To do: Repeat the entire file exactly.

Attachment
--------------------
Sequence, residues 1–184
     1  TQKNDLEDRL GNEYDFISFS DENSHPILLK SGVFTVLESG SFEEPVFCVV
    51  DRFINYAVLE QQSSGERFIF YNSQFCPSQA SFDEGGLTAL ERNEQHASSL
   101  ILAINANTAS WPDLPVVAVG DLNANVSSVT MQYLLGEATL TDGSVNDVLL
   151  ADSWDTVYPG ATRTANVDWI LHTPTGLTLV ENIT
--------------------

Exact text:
Sequence, residues 1–184
     1  TQKNDLEDRL GNEYDFISFS DENSHPILLK SGVFTVLESG SFEEPVFCVV
    51  DRFINYAVLE QQSSGERFIF YNSQFCPSQA SFDEGGLTAL ERNEQHASSL
   101  ILAINANTAS WPDLPVVAVG DLNANVSSVT MQYLLGEATL TDGSVNDVLL
   151  ADSWDTVYPG ATRTANVDWI LHTPTGLTLV ENIT